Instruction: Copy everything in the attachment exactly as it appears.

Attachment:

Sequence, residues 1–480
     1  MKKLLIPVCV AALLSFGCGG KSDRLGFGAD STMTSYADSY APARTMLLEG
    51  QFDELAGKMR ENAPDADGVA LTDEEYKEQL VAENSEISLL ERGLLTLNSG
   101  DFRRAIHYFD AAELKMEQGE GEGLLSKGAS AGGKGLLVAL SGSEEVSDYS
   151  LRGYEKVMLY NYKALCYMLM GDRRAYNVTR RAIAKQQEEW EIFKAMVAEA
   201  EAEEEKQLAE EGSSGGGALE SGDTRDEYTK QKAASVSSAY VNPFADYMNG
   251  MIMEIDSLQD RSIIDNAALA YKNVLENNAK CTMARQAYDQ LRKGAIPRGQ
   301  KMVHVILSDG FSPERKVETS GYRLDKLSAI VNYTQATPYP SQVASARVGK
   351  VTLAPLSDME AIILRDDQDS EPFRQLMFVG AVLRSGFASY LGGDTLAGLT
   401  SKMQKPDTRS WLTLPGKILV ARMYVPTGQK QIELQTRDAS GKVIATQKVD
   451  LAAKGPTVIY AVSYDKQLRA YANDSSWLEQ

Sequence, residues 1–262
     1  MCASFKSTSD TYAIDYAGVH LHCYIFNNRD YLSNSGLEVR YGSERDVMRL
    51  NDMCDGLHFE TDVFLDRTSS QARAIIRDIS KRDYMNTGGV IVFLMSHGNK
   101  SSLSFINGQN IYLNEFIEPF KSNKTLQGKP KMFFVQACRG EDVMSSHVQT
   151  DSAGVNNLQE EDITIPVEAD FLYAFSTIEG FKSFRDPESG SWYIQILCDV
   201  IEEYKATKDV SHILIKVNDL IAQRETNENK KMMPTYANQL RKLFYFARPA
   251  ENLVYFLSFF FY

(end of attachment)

Sequence, residues 1–480
     1  MKKLLIPVCV AALLSFGCGG KSDRLGFGAD STMTSYADSY APARTMLLEG
    51  QFDELAGKMR ENAPDADGVA LTDEEYKEQL VAENSEISLL ERGLLTLNSG
   101  DFRRAIHYFD AAELKMEQGE GEGLLSKGAS AGGKGLLVAL SGSEEVSDYS
   151  LRGYEKVMLY NYKALCYMLM GDRRAYNVTR RAIAKQQEEW EIFKAMVAEA
   201  EAEEEKQLAE EGSSGGGALE SGDTRDEYTK QKAASVSSAY VNPFADYMNG
   251  MIMEIDSLQD RSIIDNAALA YKNVLENNAK CTMARQAYDQ LRKGAIPRGQ
   301  KMVHVILSDG FSPERKVETS GYRLDKLSAI VNYTQATPYP SQVASARVGK
   351  VTLAPLSDME AIILRDDQDS EPFRQLMFVG AVLRSGFASY LGGDTLAGLT
   401  SKMQKPDTRS WLTLPGKILV ARMYVPTGQK QIELQTRDAS GKVIATQKVD
   451  LAAKGPTVIY AVSYDKQLRA YANDSSWLEQ

Sequence, residues 1–262
     1  MCASFKSTSD TYAIDYAGVH LHCYIFNNRD YLSNSGLEVR YGSERDVMRL
    51  NDMCDGLHFE TDVFLDRTSS QARAIIRDIS KRDYMNTGGV IVFLMSHGNK
   101  SSLSFINGQN IYLNEFIEPF KSNKTLQGKP KMFFVQACRG EDVMSSHVQT
   151  DSAGVNNLQE EDITIPVEAD FLYAFSTIEG FKSFRDPESG SWYIQILCDV
   201  IEEYKATKDV SHILIKVNDL IAQRETNENK KMMPTYANQL RKLFYFARPA
   251  ENLVYFLSFF FY